With only months to live, Peter Hirst isn't afraid of dying - he's just happy he's ticked everything off his bucket list.
Mr Hirst was told on August 16 that he had four to six months left to live, so he created a "bucket list" of things he wanted to achieve before his time was up.
At the Rotorua District Library this week, Mr Hirst ticked off the last item on his bucket list - donating books about his Baha'i faith, translated into Maori, to the library.
"It was all rather short notice, I got told on August 16 that I had four to six months to live.
"I am hoping to outlive that, but I'm not taking any chances and I want to get all my things done. I am not the least bit afraid of dying because my religion tells me exactly what happens. I'm just short of 70, so that's pretty good, I think," Mr Hirst said.
"I did my bucket list, now I'm happy."
The first item on Mr Hirst's bucket list was to get permission from his wife's family to be buried among them at their marae, which he was given. Secondly, he wanted to organise his coffin.
"I have a thing about expensive coffins. I wanted to find a coffin for a good price. I found one on the internet at a shop called 'Return to Sender' and got someone locally to make it for me."
Mr Hirst described his coffin as a straight pine box that was lightly oiled instead of laminated, with a rail along each side for carrying, rather than "fancy" handles. It cost him $700.
The next thing on Mr Hirst's bucket list was to write the programme for his funeral. He wanted the service to be in English and te reo Maori.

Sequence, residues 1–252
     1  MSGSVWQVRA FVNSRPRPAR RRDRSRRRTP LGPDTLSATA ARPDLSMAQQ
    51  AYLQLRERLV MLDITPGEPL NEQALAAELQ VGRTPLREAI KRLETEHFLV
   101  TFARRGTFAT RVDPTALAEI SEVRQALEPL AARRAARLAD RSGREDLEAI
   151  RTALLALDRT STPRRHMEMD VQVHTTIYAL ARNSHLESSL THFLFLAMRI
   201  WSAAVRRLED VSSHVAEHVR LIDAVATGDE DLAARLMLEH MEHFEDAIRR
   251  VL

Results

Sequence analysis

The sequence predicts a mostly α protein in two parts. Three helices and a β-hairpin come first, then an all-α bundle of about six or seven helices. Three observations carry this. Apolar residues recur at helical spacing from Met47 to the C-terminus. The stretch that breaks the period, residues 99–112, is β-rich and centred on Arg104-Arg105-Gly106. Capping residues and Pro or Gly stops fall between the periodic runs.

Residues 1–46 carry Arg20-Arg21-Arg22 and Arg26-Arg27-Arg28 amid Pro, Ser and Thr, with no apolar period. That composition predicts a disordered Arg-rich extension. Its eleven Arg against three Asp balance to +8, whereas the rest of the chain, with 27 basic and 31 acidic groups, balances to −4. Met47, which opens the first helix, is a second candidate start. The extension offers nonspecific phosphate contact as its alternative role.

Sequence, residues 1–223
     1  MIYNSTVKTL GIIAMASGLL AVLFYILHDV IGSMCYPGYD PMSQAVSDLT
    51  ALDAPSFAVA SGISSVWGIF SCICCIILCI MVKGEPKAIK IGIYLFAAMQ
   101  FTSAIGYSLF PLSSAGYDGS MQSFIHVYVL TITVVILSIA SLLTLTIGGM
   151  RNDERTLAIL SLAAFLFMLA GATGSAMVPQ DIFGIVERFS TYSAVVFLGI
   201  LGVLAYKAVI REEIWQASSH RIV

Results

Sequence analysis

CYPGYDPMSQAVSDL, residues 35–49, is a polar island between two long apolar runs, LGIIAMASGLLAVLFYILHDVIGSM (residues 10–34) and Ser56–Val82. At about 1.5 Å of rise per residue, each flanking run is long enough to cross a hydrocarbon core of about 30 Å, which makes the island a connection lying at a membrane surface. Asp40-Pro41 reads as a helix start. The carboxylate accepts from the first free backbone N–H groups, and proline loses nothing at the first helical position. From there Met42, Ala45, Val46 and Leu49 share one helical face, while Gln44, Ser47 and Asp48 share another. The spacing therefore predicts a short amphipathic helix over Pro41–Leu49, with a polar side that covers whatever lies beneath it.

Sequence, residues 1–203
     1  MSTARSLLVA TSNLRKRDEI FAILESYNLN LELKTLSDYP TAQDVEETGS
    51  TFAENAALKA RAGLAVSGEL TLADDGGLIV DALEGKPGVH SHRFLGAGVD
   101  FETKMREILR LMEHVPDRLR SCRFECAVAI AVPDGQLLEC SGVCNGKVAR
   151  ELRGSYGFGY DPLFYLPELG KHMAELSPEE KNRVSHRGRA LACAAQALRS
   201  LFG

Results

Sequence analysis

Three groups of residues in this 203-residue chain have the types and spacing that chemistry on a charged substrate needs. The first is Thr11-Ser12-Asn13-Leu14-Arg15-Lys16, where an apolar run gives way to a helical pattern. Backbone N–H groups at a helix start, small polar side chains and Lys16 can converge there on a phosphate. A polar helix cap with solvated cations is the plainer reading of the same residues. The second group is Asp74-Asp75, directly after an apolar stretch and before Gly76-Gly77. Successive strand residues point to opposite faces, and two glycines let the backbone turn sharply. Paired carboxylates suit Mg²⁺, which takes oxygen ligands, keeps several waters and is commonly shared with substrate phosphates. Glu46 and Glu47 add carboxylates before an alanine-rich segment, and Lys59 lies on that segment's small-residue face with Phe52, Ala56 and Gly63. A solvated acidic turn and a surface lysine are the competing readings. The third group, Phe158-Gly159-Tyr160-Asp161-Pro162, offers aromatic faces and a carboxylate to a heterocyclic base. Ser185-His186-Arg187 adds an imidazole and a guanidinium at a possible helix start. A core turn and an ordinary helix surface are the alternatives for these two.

"My wife is Maori and, if I last until June, we will have been married 40 years. I've been integrated into the Maori community, so I made sure my programme was half Maori and half English, and not just translated."
Lastly, Mr and Mrs Hirst visited the Rotorua District Library to donate a selection of Baha'i books translated into Maori on behalf of the Rotorua Bahai Community, of which Mr Hirst is secretary.
He said the books had first been translated from Arabic and Persian to English and then to Maori.
"The books contain very beautiful verses, it's all about how to live our lives. The Baha'i religion is a world wide religion and is the second most wide spread after Christianity. People have a right to the scriptures and teachings of the word of God in their native language - why should people have to read in English if they are African, or even Maori?"
The two Maori books donated were Ko Nga Kupu Huna a Bahaullah (The Hidden Words of Bahaullah) and Bahai Me Ta Wa Hou (Baha'i and the New Era). They can be found in the Maori section of the Rotorua District Library.